Mobile phones and smartphones might have progressed rapidly over the years, but are we just a slave to having the newest must-have feature? Could you break free?
I joined the mobile scene over 15 years ago and have been hooked ever since, with each new device having something flashier than the older one. My first mobile phone was a Sony CMD X2000, which was replaced by a Nokia 3210- and the rest is history, racking up over 35 handsets in that time including multiple Nokias, Sony Ericssons, HTCs, and iPhones as well as a BlackBerry, Philips, Panasonic, and NEC.
I have seen in most of the major “new features” in phones, such as changeable covers, color screens, polyphonic ringtones, Bluetooth, cameras, touchscreen, memory cards, MP3 ringtones, 3G connectivity, front-facing cameras, WiFi connectivity, QWERTY keyboards, and various operating systems.
For the past few years I have been hooked on iPhones and love my current iPhone 4s, but something in me always hankers after a newer model.
My phone is a major part of my every day. It never leaves my side, and I will not leave the house without it.
Change the Way You Think
Sometimes I sit and wonder, wouldn’t it be great to stop thinking “charge my phone” last thing at night or first thing every morning, or even to stop arranging my day around how much battery I have left?
Do we really need to answer every notification sound as soon as it goes off in our pocket? Do we really need mobile apps for every purpose, reminding us this is happening, that auction is finishing or so-and-so just paid us money as soon as it happens? Do we really need to send an email so urgently that it interrupts our supermarket visit?
Could we all pull ourselves away from that miniature computer in our pocket and spend more uninterupted time with loved ones? Do we need to take pictures and videos of every moment rather that actually enjoying it at the time?
But really, it would be nice sometimes not to have an tech interest in phones, so I wouldn’t feel the want of the next big thing.
Could I squash my obsession with the latest mobile tech and grab a basic mobile phone, one that can make and receive calls and text messages – and that’s it.
There are advantages to this. Basic phones can last weeks on a single charge, and they tend to hold a signal far better than your new fangled smartphone, mainly due to its basic non-data connection.
Your modern smartphone is so fragile, a £400 delicate piece of equipment, which needs further money spent on it in cases and protection to keep it safe, and you worry each time you handle it about dropping it. Whereas your average £30 “dumbphone” is robust – it has no glass front to worry about and is usually made of thick plastic. Anyone who has owned an old fashioned Nokia knows how tough they are. And if you do drop it and break it, it is cheap to replace.
I recently gained a Nokia 1100, a handset that harks back to the good ol’ days of Nokia. It has a mono screen, a T9 rubberised water resistant keypad, no camera, no fancy ringtone or music capabilities, and certainly no Internet. It features a paultry 850 mAh battery, which in smartphone terms wouldn’t last above a few hours, but on this thing it promises 16 days of standby. It’s only fancy features are a copy of Snake 2 to play and a flashlight on the top.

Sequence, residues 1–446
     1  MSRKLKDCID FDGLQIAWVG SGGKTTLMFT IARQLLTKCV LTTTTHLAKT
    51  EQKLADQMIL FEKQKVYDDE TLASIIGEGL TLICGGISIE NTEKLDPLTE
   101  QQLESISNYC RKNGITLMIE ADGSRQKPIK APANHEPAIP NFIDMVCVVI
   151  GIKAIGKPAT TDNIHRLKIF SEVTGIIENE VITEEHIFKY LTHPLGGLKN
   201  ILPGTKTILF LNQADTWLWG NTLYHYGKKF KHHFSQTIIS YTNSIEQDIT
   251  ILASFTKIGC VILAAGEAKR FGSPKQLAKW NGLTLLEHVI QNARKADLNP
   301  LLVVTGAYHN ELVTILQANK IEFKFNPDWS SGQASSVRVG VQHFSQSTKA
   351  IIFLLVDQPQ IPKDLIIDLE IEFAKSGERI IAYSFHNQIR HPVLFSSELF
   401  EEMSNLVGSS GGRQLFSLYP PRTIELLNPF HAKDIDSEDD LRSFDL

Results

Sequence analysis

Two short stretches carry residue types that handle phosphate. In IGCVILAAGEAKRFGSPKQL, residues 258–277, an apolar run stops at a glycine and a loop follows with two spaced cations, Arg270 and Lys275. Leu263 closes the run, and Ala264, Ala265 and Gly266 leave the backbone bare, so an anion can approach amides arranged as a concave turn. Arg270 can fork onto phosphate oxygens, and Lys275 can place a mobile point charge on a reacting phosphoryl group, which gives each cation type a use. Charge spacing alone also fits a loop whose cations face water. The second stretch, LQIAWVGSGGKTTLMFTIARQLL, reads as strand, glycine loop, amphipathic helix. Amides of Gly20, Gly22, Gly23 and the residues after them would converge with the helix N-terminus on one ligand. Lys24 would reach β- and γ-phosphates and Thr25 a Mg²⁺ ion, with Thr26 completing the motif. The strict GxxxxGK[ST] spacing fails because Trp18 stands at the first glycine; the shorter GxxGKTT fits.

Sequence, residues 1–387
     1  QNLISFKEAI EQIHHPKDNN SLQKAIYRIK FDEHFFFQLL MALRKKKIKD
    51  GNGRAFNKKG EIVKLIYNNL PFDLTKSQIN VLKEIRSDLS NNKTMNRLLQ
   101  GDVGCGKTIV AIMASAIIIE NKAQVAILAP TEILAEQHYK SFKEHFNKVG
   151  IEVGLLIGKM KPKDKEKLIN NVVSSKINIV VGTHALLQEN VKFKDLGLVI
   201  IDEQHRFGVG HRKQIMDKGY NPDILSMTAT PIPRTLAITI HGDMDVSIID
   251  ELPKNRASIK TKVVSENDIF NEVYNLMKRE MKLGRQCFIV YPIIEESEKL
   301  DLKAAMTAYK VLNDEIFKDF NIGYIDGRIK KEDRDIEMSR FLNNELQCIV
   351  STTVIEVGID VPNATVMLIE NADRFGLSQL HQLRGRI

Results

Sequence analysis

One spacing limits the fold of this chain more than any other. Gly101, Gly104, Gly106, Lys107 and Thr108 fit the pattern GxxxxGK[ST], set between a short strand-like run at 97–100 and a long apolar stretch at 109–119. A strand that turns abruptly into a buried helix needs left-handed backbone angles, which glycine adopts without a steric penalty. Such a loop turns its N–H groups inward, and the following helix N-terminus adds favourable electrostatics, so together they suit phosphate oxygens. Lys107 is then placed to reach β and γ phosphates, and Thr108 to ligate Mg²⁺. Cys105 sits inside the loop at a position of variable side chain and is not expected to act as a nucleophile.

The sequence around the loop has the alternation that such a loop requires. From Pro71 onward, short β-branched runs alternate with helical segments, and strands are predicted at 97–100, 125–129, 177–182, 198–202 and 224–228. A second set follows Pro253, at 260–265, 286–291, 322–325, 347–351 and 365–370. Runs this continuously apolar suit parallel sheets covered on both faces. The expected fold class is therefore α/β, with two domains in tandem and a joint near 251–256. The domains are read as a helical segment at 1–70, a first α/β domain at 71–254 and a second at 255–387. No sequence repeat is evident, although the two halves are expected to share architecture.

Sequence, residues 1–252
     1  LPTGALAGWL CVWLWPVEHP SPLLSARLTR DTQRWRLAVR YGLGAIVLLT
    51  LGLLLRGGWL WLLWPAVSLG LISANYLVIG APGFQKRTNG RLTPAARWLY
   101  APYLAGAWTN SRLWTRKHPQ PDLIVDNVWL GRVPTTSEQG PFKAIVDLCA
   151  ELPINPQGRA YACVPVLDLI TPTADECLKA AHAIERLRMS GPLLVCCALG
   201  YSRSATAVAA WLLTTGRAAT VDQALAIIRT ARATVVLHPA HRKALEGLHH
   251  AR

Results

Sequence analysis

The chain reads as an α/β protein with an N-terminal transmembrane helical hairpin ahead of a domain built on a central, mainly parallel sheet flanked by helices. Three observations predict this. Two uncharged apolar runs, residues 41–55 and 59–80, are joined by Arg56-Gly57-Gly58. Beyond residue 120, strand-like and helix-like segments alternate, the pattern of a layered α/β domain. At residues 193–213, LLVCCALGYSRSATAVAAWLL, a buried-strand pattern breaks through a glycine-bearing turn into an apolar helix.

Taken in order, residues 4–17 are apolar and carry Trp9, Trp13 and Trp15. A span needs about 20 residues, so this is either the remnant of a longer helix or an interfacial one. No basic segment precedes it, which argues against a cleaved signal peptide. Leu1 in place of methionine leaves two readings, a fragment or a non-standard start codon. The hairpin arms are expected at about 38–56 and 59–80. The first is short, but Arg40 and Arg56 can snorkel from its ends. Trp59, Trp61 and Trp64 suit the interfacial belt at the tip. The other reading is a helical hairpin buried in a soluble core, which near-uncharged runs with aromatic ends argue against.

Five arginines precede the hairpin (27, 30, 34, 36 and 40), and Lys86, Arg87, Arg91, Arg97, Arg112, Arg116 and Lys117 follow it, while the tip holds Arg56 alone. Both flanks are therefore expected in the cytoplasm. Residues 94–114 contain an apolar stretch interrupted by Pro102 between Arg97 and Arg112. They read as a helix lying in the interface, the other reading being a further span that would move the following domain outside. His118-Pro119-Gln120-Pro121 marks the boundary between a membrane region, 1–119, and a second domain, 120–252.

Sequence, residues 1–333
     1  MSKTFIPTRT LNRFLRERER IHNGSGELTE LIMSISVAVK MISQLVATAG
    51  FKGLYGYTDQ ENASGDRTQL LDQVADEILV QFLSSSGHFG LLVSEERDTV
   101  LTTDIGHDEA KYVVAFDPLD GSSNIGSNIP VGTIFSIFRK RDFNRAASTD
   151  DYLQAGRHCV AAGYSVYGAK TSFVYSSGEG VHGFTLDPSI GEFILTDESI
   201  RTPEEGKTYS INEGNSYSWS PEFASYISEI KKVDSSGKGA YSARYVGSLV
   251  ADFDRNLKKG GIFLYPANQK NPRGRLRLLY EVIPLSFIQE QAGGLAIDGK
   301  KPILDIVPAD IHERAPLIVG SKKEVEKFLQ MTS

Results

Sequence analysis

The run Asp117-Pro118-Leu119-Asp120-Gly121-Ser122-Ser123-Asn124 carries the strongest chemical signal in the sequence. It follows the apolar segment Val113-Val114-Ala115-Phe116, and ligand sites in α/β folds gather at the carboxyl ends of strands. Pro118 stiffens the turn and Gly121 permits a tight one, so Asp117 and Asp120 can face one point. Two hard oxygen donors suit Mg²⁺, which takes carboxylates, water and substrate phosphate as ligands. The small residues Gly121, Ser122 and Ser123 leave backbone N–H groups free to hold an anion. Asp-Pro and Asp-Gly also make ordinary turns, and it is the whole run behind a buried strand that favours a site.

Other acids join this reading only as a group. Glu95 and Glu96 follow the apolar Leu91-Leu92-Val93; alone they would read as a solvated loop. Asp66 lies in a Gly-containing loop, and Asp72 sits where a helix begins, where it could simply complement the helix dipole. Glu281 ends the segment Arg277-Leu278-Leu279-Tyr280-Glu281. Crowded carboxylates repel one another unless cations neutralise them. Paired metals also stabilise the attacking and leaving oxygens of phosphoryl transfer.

You could go the whole way and say why bother with a mobile phone at all, but I wouldn’t. There are some technological advances that make our lives better or safer. A mobile phone isn’t always essential, but it is handy – but then a washing machine or a toaster could be classed as non-essential, just a piece of tech that makes our everyday lives easier.
Too Much Emphasis on Specs
Modern mobile phones are sold based on their specs, such as processor speed, screen size, how much storage, and which OS it is running – this has become a huge battle.
In the early days of mobile phones nobody knew or cared what processor their phone had or how much memory it had, system updates didn’t exist, and it was just a menu system, not an operating system. A phone had what it came with and that was it – if a bug was found, they might fix it in a new batch of phones, but older ones would just have to live with it.
Could you go back to that? Could you have a simple communication device.
Why not take the challenge. Do it for an entire day or week. Use a simple phone loaded with phone numbers and see how it affects your daily look on life.
Maybe slumming it down to a phone such as the Nokia 1100 is a bit too far. A “less dumb” phone with camera and music capabilities could be an option, but then you find those “requirements” start creeping back up again.
Perhaps this article is a little tongue-in-cheek, but it raises a point that we rely heavily on our portable pocket devices and maybe we should take a step back at times and put it down for a while.
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It looks like you’re over in the UK, but if anyone out there is reading this from the USA, there’s a very important reason to keep your old dumbphone, especially if it has a long battery and a water resistant keyboard:
To call 911 in case of emergencies
I was told by the California State Police that any cell phone that picks up a signal can call 911 – regardless if the phone is activated or not.
So keep that old spare dumbphone in the glovebox of your car – you never know when it might come in handy.